Omar Mateen, the Orlando shooter, and many of his terrorist colleagues are not simply moral cretins: They are losers. Often feeling their life has been a failure, these terrorists choose to pursue a stolen destiny rather than introspection. Where most of us endeavor to improve our state of being, the terrorists see terrorism as a chance to “make things right.” It is cowardice cloaked in false courage.
Martyrdom videos (“why I did it” recordings made prior to an attack) exemplify this dynamic. Alongside the wild gesticulation, glaring threats, and occasional utterances in Arabic, such recordings tend to show the terrorist smiling proudly. Consider, for example, the video that Daesh — the terror group also known as ISIS — recorded prior to last November’s Paris attacks, in which gleeful members of the Paris cell play with decapitated heads. Or contemplate the many British terrorists who have been convicted in court after having been recorded using British slang to excitedly joke about waging war on unbelievers. The same is true of many Americans who have pledged themselves to Daesh’s banner. Regardless, the playacting at (pathetic) happiness reveals the powerful terrorist myth of existential purpose. These losers see terrorism as offering the rightful — and long overdue — fulfillment of their unique potential.
Daesh is exceptionally skilled at taking advantage of such losers. As I noted two years ago when Daesh began churning out videos for broader audiences, the group’s propaganda teams have long sought two key objectives: 1) scaring Daesh’s enemies, and 2) recruiting new followers. Daesh’s recording of the murder — he was burned alive — of Jordanian Air Force Lieutenant Moaz al-Kasasbeh exemplifies this dual strategy in its mix of subjugation and brutalization. But there is also a sexual-domination component to Daesh propaganda, which is designed to attract young men of poor character.
Much attention is rightly being paid to the fact that Omar Mateen beat his ex-wife, but countless Yazidi women (and others) can attest to Daesh’s defining misogyny. Put simply, by offering losers a supposedly divine justification and purpose for taking sex slaves and murdering innocents, Daesh attracts flawed individuals who accept its sick offer of holy war.
As long as its brand survives our war against it, Daesh’s claims of holy purpose will continue to retain credibility and appeal.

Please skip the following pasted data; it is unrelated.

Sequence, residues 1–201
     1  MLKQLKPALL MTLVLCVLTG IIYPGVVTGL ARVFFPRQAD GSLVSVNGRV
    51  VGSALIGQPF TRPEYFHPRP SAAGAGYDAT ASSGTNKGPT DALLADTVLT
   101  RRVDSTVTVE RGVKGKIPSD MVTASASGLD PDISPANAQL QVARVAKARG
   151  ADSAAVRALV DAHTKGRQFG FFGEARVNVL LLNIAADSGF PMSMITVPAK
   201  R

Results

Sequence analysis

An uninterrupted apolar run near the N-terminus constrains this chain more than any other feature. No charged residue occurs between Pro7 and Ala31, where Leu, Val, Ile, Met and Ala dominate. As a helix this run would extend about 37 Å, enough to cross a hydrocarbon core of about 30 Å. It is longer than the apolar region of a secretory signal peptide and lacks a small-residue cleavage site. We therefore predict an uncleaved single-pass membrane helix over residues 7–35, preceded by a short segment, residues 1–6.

As it looks westward into our own societies, Daesh knows that most of us are revolted by its blood-drenched products. Yet it also knows that by overlaying its videos with soundtracks of jihadist music, it offers losers a pretense of moral purpose. These videos are the first job interview between Daesh recruiters and losers in the West. That’s why Daesh’s flag-waving in Iraq, Syria, and beyond is so important: As long as its brand survives our war against it, Daesh’s claims of holy purpose will continue to retain credibility and appeal. I believe we must urgently turn Daesh’s flag into a symbol for imminent and pointless death.
Still, this is only one side of the homegrown-terrorism coin. Daesh’s success in appealing to Mateen & Co. would be impossible without Western communications technology. As a first step, Daesh will often engage in slow-rolling recruitment of Western sympathizers via Daesh officers and affiliates on Twitter. What’s notable here is that for such a foul organization, Daesh has shown remarkable skill at building personal relationships with lonely losers. It then uses new companionship — or the pretense thereof — as the foundation to build a new terrorist. As things progress, Daesh relies heavily on encrypted communication platforms such as the messaging app Telegram. That step in the relationship makes it much harder for intelligence services to detect and defeat plots. This is especially true for U.S. intelligence services, which have far less domestic surveillance latitude than their counterparts in Europe.
But even absent direct communication with homegrown terrorists, Daesh’s constant propaganda means that becoming a homegrown terrorist is often an entrepreneurial affair. Every time Twitter shuts down a Daesh or Daesh-sympathizing account, another one pops up. The Internet’s freedom of information means that terrorist training camps now exist in cyberspace.
Of course, at the grand-strategic level, whether directed or inspired, Daesh’s loser ranks are waging war on Western civil society. We need a new strategy to confront Daesh — because absent a change in course, for all the exceptional work of our military, intelligence, and law-enforcement professionals, more American blood is likely to be spilled.
— Tom Rogan is a panelist on The McLaughlin Group and a senior fellow at the Steamboat Institute.